Saturday, September 28, 2013


As a kid I used to believe India has two communities except Bengalis - Punjabis and Madrasis. The divide between the north and south of India is possibly one of the most overrated and underrated beliefs of our times. Overrated as it actually keeps employable talent, infrastructure investments and people in general curtailed to one region while it could be more porous. And underrated as there really are a few essential differences which are way fundamental to be bridged in a few generations.
Up north people love wheat. Down south people love rice. Up north people have summer and winter. Down south people only have eternal summer! Up north the big fat Indian wedding can last a whole week. Down south it lasts a whole day. Up north you typically need to own a big bungalow and car to have arrived in life. Down south its enough to have arrived intellectually to where one desires, and walk around in Bata slippers. I could go on and on , but the point is that despite belonging to somewhere up north (if Kolkata qualifies as that) , I feel more connected to the south. And to me Chennai is the epicenter of the 'Madrasi' world. 

It might be an exaggeration of sorts to say there is no downside to Chennai. Of source there is the aggressive auto guy , the constant chettinad restaurants and the overall conservative homogeneity on the surface of things. However , this city has some character and unlike other cities I have seen. The trigger to putting stuff on paper is the visit to Mylapore this evening.

Mylapore is like a very traditional New York. Busy. Crowded. Street hawkers. Heavy traffic. Interesting little curio shops. And tonne of character. The air smells at once of fresh ground filter coffee , camphor and incense. The fulcrum of the area is the Mylapore Kovil or the Temple , which is very old and extremely beautiful. It’s intricately carved and there is a traditional water tank inside the temple. All around it is the temple linked economy that has grown over years. Small shops sell idols of gods, earthen dolls , toys for kids and  knick knacks. In Mylapore you have some of the best Sari shops with exquisite silk weaves from all over the south of India. People jostle around trying to buy stuff. But there is nothing aggressive about the place. The heat is unbearable. It’s sweaty. However people are gentle. And it’s a gentle evening.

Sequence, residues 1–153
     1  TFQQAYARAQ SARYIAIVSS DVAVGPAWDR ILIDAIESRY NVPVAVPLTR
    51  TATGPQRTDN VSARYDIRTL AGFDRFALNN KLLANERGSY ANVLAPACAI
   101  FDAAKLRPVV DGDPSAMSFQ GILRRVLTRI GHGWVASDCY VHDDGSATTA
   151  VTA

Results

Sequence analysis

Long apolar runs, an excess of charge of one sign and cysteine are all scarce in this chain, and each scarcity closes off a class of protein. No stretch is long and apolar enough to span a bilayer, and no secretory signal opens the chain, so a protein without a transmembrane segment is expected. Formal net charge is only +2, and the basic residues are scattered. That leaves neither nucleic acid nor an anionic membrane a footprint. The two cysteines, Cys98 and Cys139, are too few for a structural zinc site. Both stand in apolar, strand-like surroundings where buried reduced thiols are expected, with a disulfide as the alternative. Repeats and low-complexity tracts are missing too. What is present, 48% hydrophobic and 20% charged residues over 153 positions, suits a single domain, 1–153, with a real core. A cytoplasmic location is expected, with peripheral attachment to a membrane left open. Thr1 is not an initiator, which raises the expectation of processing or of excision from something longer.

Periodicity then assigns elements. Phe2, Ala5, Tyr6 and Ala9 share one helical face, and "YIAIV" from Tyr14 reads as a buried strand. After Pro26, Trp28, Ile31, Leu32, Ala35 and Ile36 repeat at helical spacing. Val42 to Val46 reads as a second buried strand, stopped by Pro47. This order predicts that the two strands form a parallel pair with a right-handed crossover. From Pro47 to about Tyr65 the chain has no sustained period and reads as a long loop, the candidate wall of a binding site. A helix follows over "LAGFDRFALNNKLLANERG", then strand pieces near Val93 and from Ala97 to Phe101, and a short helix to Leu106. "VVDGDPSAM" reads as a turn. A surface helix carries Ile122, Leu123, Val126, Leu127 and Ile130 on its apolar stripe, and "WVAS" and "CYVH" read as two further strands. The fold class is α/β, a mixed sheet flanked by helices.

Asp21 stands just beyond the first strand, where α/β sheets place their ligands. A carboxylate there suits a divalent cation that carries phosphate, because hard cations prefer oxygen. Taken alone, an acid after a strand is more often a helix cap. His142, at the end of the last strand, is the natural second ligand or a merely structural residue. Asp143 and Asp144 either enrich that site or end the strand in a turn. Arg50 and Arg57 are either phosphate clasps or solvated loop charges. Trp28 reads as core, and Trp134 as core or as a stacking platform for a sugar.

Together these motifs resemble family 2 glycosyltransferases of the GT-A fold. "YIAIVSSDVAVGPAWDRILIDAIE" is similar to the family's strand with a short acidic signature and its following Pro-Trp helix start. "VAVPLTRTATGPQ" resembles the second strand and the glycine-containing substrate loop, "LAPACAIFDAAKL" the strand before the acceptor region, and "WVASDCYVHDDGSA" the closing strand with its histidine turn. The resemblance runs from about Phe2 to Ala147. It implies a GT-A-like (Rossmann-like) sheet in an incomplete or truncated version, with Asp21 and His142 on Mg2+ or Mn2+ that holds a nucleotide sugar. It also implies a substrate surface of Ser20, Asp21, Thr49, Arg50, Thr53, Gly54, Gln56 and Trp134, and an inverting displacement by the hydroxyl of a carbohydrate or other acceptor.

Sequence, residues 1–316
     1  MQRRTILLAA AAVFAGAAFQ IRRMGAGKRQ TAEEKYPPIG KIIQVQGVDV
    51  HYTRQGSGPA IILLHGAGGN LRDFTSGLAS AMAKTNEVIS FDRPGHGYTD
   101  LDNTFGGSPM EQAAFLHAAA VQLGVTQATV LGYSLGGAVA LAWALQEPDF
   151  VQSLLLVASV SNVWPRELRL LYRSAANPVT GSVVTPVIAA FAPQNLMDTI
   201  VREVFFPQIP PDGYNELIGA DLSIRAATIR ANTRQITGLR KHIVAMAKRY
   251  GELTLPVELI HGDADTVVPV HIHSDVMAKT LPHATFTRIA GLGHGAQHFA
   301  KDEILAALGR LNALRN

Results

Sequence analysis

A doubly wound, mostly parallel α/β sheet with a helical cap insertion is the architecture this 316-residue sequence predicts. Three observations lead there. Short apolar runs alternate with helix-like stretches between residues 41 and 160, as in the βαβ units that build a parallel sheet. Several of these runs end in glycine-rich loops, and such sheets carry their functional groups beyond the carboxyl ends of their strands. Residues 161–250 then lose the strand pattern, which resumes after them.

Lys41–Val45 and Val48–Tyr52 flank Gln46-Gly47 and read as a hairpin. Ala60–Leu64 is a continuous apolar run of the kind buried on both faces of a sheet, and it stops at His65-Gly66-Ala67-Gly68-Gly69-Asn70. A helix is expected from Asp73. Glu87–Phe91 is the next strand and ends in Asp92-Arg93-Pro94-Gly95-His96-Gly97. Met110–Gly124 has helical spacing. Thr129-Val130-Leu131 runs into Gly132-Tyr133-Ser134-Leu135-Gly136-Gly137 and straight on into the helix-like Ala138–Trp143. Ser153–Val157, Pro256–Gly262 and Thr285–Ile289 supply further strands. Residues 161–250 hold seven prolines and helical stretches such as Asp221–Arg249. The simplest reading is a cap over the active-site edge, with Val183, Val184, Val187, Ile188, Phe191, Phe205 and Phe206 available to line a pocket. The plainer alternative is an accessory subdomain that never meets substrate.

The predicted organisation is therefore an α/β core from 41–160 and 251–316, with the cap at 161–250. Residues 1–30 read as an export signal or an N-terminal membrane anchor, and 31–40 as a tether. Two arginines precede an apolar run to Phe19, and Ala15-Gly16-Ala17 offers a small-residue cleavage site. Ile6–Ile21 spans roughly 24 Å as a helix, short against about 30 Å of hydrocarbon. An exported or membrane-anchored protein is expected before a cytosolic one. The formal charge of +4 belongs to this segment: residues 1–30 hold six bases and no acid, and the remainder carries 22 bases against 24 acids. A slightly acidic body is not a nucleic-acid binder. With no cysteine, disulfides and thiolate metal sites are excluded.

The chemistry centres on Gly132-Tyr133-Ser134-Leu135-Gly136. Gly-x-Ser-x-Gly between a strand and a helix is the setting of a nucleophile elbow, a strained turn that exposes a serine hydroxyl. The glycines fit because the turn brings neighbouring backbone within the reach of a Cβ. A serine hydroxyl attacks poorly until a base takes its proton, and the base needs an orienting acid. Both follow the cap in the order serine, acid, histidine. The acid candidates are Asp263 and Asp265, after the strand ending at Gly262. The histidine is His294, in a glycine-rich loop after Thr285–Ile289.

A very dear friend recommended I check out Mylapore and the small curio stores there, and I am glad I did. The place echoes what I like most about Chennai. The people. Educated and simple, non-flamboyant and layered. There just might be an unassuming rocket scientist sitting next to you on the public bus with a packed lunch box of curd rice, but you’ll never realize it!


  1. You are well on the way to become Mylapore_d! Welcome back to the blog world. And it is Kovil not Koel, lol. Where you come from is not very different. Even today intellect and education has a higher value than gaadi bungalow aur makaan there as well.

  2. Do they allow to take pictures inside the temple?

  3. well written, you should extend it by giving a tour of the "little curio shops" :-)